In labour and painfulness, in much watchings, in hunger and thirst, in fastings often, in cold and nakedness. Besides those things which are without: my daily instance, the solicitude for all the churches. Who is weak, and I am not weak? Who is scandalized, and I am not on fire?

If I must needs glory, I will glory of the things that concern my infirmity. The God and Father of our Lord Jesus Christ, who is blessed for ever, knoweth that I lie not.

At Damascus, the governor of the nation under Aretas the king, guarded the city of the Damascenes, to apprehend me. And through a window in a basket was I let down by the wall, and so escaped his hands.” (2 Corinthians 11:23-33)

When we read these words of St Paul it is obvious that the last few generations of Catholics in Ireland have had a comfortable existence. We are not properly prepared for the persecution that is upon us and I fear that many will fall away.

We can tend to be like St Peter, impetuous in our declarations of fidelity to God, but with little resistance when temptations and persecution come along.

“Then Jesus said to them, “You will all fall away because of me this night; for it is written, ‘I will strike the shepherd, and the sheep of the flock will be scattered.’ But after I am raised up, I will go before you to Galilee.”

Peter declared to him, “Though they all fall away because of you, I will never fall away.”

Jesus said to him, “Truly, I say to you, this very night, before the cock crows, you will deny me three times.”

Peter said to him, “Even if I must die with you, I will not deny you.” (Matthew 26:31-35)

Then St Peter is presented with the test.

“Now Peter was sitting outside in the courtyard. And a maid came up to him, and said, “You also were with Jesus the Galilean.”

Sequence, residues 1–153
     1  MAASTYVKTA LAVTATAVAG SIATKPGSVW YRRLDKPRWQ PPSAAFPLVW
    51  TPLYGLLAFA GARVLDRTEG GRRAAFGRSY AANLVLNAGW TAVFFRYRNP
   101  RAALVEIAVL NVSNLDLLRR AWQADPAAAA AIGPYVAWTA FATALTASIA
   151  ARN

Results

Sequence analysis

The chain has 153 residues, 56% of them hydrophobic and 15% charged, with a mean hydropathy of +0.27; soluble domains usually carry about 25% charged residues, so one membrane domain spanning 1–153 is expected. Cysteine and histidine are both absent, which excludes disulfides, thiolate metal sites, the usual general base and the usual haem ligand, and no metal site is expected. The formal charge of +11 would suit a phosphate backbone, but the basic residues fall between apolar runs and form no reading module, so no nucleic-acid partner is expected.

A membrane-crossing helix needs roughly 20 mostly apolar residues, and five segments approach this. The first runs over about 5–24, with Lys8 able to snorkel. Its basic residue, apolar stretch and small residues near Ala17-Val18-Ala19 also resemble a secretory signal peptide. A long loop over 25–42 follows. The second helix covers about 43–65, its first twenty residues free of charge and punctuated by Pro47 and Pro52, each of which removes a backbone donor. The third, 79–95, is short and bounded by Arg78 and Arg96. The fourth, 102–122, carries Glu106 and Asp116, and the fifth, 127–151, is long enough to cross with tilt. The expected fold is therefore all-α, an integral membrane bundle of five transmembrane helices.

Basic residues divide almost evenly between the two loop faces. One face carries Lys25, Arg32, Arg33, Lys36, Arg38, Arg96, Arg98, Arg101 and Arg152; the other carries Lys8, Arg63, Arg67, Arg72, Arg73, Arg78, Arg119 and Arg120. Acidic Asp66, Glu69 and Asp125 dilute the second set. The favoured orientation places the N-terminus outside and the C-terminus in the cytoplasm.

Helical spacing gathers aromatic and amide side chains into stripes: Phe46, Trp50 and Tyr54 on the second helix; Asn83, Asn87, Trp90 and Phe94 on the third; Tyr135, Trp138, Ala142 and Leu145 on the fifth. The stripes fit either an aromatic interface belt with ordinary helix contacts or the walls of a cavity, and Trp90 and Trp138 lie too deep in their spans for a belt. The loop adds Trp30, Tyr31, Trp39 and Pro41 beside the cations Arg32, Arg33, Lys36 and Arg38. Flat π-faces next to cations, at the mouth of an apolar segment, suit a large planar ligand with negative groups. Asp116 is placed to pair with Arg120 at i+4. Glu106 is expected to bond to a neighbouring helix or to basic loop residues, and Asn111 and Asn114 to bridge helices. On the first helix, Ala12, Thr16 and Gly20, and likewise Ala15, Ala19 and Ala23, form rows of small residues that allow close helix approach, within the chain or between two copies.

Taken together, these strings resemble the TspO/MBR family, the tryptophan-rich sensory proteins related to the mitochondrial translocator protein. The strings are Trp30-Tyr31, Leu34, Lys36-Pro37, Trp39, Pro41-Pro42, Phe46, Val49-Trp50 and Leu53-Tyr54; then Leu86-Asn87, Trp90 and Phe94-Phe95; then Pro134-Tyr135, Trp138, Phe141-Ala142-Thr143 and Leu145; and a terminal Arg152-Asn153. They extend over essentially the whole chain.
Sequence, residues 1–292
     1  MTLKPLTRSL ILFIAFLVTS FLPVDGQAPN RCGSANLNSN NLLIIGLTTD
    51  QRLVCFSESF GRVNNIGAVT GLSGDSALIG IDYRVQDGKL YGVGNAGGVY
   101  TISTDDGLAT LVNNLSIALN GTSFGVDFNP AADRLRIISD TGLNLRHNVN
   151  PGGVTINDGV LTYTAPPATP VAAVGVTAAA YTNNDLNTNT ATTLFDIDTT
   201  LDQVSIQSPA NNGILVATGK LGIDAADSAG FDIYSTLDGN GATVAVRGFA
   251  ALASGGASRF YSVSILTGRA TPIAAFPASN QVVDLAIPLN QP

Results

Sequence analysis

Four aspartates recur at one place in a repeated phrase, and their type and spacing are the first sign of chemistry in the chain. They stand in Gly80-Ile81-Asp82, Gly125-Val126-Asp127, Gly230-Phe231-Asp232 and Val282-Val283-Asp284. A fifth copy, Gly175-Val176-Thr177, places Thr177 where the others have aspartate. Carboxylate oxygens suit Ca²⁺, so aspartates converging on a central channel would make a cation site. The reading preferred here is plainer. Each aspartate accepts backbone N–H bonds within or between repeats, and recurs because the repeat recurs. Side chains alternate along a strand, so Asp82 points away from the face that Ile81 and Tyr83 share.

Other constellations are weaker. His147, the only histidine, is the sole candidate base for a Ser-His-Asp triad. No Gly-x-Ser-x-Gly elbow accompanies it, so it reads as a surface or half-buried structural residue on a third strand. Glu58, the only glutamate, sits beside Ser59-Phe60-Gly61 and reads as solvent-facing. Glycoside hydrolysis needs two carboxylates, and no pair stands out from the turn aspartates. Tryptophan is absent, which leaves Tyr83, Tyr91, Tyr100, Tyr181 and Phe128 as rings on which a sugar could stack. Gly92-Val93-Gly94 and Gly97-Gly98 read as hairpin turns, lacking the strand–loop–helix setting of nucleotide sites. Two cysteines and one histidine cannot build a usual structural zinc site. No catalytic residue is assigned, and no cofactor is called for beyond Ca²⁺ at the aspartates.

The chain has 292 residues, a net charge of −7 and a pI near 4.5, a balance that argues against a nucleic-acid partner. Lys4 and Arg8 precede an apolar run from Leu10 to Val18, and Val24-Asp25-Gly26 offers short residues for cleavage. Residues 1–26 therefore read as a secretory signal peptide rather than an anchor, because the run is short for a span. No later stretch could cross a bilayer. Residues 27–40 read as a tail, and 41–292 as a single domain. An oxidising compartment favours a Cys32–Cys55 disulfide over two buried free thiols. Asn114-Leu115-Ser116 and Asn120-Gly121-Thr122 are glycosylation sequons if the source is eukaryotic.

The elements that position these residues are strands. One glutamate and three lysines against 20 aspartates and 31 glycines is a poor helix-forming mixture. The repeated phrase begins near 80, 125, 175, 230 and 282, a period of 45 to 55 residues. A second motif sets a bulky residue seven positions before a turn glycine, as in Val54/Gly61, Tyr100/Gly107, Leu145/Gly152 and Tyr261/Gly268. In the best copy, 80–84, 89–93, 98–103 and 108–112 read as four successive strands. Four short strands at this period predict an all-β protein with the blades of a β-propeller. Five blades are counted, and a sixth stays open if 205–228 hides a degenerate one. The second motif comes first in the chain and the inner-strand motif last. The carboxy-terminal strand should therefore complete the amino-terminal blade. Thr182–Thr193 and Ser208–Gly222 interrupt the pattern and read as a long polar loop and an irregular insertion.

But he denied it before them all, saying, “I do not know what you mean.”

And when he went out to the porch, another maid saw him, and she said to the bystanders, “This man was with Jesus of Nazareth.”

And again he denied it with an oath, “I do not know the man.”

After a little while the bystanders came up and said to Peter, “Certainly you are also one of them, for your accent betrays you.”

Then he began to invoke a curse on himself and to swear, “I do not know the man.”

And immediately the cock crowed.  And Peter remembered the saying of Jesus, “Before the cock crows, you will deny me three times.” And he went out and wept bitterly.” (Matthew 26:69-75)

There is a beautiful painting of the penitent St Peter, by the Italian artist Guido Reni. There is a tear running down St Peter’s cheek. I had it for sale in a shop I used to run in Knock. One day, a lady was looking at the picture when she suddenly collapsed into a chair, shaking uncontrollably. I immediately went to her assistance and asked her what was the matter, thinking I might have to call a doctor.

She looked at me and said, “poor St Peter”, “I was looking at the picture and I just thought how sorrowful he must have felt for denying Our Lord  and I was overcome with tears.”

There is a lesson here for all of us. This Lent let us ask for the grace of tears for our many sins and the grace never to offend God again.